Sir Allen Stanford
Sir Allen Stanford Fraud Case | SECBelow is a short video on Sir Allen Stanford who was just accused of fraud by the SEC. Below the video please see 5 additional resources on this unfolding case. If you are viewing this article via our daily hedge fund newsletter please click here to watch the embedded videos:
Resource #2: The Securities and Exchange Commission charged R. Allen Stanford with an $8 billion fraud centered around the sale of certificates of deposit, saying the flamboyant businessman hoodwinked investors by promising high and seemingly safe returns.
As the SEC charges were made public Tuesday morning, U.S. marshals and Federal Bureau of Investigation agents raided Stanford offices in Houston.
The SEC said that Stanford Investment Bank sought to lull investors into thinking their investments were safe, providing assurances that the bank invested the money in liquid financial instruments that were monitored by a team of more than 20 analysts. source
Resource #3: The England & Wales Cricket Board yesterday suspended relations with Sir Allen Stanford after he was charged with what United States investigators allege is a "massive, ongoing fraud.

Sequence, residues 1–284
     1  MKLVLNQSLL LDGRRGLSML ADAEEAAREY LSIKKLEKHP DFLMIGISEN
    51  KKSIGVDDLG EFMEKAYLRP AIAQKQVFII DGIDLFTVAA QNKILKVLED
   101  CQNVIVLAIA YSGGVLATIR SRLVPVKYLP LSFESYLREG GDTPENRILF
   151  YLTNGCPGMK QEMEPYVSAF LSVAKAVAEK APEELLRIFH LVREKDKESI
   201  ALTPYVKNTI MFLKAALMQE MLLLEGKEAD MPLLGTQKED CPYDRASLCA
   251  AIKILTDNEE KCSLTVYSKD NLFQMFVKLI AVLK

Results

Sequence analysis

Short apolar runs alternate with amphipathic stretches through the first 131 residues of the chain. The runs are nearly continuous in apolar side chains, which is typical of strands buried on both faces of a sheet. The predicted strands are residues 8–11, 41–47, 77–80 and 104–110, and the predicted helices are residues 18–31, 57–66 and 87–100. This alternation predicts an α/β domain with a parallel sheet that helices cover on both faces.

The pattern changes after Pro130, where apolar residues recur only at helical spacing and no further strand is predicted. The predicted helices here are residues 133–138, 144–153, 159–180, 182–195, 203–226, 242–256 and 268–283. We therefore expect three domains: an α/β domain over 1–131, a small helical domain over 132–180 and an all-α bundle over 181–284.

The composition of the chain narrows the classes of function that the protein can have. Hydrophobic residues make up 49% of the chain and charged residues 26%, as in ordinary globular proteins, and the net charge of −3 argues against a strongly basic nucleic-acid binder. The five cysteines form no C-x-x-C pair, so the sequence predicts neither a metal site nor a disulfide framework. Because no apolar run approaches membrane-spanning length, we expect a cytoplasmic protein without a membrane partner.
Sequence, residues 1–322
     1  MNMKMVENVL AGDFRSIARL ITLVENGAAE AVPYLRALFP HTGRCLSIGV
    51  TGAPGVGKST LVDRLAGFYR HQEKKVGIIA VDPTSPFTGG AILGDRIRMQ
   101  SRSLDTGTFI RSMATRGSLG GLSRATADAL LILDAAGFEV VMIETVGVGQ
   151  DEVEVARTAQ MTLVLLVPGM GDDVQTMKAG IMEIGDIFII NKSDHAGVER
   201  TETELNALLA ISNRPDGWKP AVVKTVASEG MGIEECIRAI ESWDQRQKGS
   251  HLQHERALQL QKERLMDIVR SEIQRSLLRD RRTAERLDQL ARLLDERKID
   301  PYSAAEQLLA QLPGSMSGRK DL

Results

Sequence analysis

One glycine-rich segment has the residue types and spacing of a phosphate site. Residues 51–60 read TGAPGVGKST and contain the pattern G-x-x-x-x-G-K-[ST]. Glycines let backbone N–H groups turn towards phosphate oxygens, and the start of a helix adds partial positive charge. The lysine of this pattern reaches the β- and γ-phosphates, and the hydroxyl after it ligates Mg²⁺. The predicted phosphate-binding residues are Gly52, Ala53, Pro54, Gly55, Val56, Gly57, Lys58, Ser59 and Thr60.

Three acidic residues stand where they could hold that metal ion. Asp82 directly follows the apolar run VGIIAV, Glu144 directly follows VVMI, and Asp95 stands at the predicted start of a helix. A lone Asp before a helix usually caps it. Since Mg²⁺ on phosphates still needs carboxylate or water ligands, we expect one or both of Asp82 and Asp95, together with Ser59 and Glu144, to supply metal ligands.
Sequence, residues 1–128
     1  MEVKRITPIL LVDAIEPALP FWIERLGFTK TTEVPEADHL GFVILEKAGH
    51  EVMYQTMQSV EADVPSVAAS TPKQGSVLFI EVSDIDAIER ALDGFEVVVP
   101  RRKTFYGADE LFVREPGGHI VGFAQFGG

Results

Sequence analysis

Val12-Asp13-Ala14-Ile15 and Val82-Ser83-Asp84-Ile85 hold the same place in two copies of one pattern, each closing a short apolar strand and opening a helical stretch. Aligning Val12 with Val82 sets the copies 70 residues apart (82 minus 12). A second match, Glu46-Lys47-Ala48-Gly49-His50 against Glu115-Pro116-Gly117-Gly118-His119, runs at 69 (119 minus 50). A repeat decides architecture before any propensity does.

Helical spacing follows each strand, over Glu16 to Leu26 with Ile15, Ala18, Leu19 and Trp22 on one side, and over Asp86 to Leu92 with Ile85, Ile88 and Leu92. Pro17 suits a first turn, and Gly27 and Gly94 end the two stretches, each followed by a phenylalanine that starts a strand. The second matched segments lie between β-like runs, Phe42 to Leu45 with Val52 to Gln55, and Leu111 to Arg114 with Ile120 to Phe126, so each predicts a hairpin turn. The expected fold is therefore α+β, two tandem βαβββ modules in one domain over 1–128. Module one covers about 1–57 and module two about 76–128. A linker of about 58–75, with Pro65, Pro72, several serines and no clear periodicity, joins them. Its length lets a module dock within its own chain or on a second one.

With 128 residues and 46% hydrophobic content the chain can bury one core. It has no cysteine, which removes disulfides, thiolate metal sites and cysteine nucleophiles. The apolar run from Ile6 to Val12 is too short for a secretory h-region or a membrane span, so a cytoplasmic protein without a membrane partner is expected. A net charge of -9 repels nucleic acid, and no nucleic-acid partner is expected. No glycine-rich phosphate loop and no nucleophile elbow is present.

A Dallas Federal court was asked to freeze Stanford's assets and his company was put in the hand of receivers after the Securities and Exchange Commission took drastic action following days of intense speculation about his company as US Marshals raided Stanford's office in Houston in the early hours of the morning Stateside.
"We are alleging a fraud of shocking magnitude that has spread its tentacles throughout the world," said Rose Romero, director of the SEC's Fort Worth office. source
Resource #4: We thought Bernie Madoff's world record in Ponzi-scheming would be safe for a while, maybe for all of time. But now comes the news that the SEC is investigating one R. Allen Stanford, a billionaire who runs a money-management firm out of tropical, tax-free St. Croix. To his moneyed clients, Stanford offers certificates of deposit that offer "unusually high and consistent returns" (double the market average, according to Business Week). Hmmm, where have we heard that phrase before? Oh, also: The company overseeing the firm's books is "a tiny accounting firm in Antigua" whose CEO recently died. Oh, dear. Stanford manages $51 billion, just nosing out the amount that Madoff had "under management." source
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